1. Could part of it be that he was hoping for inters to work so he wouldn’t have to go to the prime tire?

        1. When it rains the rule that they have to use both types of slick tyre is discarded.

          But you are right on the first bit. When the rain came down harder he was initially quicker. So for a few laps, the inter was the best tyre.

    3. There are plenty cases when Button gets it wrong (Korea 2010). It’s just the few where he gets it right that seem to be remembered.

      Or he is just so damned lucky that all the mistakes he makes don’t even matter anyway (Canada 2011 for instance)

      Hamilton seems to rely more on the team. I’d say that would be the wiser thing to do since they should have more information (about wether predictions and the other cars). McLaren does tend to get it wrong rather often too though.

  3. Button just said on BBC F1 Forum that he ignored the call from the team to come in and switch to inters, originally planning to stack the Mclarens in the pit. Then the next lap he was told to stay out as Hamilton came in. If true, it was a great call by Button not the team.

  4. I find it funny that Whitmarsh calls it a team decision but just looks like he is trying to swerve away from the blame. I think he made the call.

    1. I find it funny that you think the team principle makes the strategy’s.

      1. He seems very nervous when asked those questions, more so than anyone else.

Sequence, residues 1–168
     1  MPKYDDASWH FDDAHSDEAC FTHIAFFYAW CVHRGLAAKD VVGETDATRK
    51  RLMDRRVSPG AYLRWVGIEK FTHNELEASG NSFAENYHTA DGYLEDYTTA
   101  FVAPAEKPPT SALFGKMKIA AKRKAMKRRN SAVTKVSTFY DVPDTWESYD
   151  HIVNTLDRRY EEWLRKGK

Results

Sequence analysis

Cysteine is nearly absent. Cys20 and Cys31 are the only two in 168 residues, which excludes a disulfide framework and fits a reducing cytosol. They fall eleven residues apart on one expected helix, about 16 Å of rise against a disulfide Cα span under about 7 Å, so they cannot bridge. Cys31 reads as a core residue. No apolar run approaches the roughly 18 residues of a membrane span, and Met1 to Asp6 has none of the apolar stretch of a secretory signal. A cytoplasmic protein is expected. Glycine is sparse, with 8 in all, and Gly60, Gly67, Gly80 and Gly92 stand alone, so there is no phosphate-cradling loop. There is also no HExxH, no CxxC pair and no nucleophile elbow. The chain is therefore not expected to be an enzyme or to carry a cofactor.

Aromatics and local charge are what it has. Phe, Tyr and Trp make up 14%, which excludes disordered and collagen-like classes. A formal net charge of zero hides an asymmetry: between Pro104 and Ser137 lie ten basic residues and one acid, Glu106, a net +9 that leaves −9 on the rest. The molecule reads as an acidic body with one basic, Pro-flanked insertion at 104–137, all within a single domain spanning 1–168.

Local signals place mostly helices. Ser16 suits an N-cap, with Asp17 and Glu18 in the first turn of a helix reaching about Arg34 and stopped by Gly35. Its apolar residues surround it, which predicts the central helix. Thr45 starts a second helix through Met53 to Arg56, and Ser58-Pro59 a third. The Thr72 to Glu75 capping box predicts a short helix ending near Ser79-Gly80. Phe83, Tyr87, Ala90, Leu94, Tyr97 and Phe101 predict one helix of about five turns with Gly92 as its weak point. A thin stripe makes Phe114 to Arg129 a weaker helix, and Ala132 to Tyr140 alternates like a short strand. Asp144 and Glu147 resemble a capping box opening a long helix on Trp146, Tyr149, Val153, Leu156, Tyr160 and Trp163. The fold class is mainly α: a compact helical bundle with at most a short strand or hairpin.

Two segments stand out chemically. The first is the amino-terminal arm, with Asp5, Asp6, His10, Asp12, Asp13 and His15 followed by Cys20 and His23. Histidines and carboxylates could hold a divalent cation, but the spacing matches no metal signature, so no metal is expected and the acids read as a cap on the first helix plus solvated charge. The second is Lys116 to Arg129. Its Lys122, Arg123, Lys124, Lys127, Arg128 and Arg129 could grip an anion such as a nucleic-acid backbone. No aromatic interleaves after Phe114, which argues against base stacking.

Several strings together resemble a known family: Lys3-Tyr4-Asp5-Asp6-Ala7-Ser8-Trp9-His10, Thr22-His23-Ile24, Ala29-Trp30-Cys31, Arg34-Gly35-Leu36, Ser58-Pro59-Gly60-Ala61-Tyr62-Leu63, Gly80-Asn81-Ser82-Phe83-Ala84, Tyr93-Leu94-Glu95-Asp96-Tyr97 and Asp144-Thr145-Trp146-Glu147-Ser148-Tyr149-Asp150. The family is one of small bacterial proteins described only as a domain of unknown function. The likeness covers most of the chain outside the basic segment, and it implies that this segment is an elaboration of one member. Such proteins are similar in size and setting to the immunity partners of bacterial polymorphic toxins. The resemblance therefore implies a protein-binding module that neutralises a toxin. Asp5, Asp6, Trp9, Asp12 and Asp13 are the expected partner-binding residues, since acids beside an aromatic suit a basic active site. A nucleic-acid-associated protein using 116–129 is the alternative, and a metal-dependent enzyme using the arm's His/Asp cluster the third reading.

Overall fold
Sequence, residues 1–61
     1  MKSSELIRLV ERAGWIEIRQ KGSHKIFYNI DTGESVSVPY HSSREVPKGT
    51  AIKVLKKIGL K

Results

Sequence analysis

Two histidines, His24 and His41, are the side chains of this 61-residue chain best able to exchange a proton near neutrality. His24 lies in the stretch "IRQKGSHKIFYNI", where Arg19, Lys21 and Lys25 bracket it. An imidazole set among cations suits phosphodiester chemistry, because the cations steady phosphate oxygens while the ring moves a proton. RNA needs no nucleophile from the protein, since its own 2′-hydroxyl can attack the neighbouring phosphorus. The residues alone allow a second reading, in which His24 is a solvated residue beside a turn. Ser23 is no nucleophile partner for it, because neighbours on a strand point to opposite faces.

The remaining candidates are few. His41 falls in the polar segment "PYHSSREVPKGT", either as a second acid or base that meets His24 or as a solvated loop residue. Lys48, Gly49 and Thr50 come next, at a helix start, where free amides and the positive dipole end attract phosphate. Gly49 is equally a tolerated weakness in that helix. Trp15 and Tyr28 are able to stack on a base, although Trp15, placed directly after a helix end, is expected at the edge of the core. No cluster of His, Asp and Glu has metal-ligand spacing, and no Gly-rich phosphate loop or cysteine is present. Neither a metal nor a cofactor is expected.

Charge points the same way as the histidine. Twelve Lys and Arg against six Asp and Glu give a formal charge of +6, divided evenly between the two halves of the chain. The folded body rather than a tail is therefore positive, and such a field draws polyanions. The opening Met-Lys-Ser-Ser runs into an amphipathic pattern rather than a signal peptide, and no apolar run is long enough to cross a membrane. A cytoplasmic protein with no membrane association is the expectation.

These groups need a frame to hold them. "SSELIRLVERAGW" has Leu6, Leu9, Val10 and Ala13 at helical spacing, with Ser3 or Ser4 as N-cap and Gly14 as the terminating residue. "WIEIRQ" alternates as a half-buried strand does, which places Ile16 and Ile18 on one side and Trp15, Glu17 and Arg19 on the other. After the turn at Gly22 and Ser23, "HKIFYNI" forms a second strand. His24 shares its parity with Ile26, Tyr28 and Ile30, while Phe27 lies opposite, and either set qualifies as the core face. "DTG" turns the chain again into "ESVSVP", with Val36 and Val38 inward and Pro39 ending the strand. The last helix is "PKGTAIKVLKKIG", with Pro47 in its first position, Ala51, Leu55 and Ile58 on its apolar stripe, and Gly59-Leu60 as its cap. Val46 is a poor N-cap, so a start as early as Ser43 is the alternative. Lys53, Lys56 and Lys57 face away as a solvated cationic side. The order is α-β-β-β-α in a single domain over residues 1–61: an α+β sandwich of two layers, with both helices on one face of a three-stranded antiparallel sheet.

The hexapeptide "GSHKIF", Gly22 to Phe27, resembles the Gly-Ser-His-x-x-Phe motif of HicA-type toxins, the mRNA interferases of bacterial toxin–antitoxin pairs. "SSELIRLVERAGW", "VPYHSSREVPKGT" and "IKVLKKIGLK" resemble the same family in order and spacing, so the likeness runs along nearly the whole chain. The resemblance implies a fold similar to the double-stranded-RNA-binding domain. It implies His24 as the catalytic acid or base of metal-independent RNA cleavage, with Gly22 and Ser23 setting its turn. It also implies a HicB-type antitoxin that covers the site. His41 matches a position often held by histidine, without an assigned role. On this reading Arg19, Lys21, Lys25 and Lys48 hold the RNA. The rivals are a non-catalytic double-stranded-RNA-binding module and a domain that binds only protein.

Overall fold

1. Come on, you head Red Bull asking Seb if he thought it was ready for slicks early in the race, and Jenson has said that he made the call to not come in for inters when he had the chance. Strategy is not decided purely on the pit-wall, driver input is a huge part of it. Unless of course you are saying that a world champion can’t tell what tyres he thinks he should be on and would roll over and do whatever the team wants him to do all the time.
          We have seen this time and time again with Lewis, when something goes wrong for him nobody seems willing to accept that he is at least partly to blame.

  5. Jeffrey Powell
    31st July 2011, 16:14

    It appears whenever the team can make a mistake with strategy for Lewis they come up trumps .Perhaps he should just follow Jenson under these conditions and then take him on the last lap .

    1. Unfortunately that will mean he will either.

      a. come in a lap too late (because he was in front)

      or

      b. queue behind Jenson (if behind)

  6. By which he is referring to the pit call for Lewis Hamilton.

    Whatever call was made for whom and why, McLaren should be embarassed at throwing away an easy 1-2, as those kind of results are hard to come by these days, even for RBR.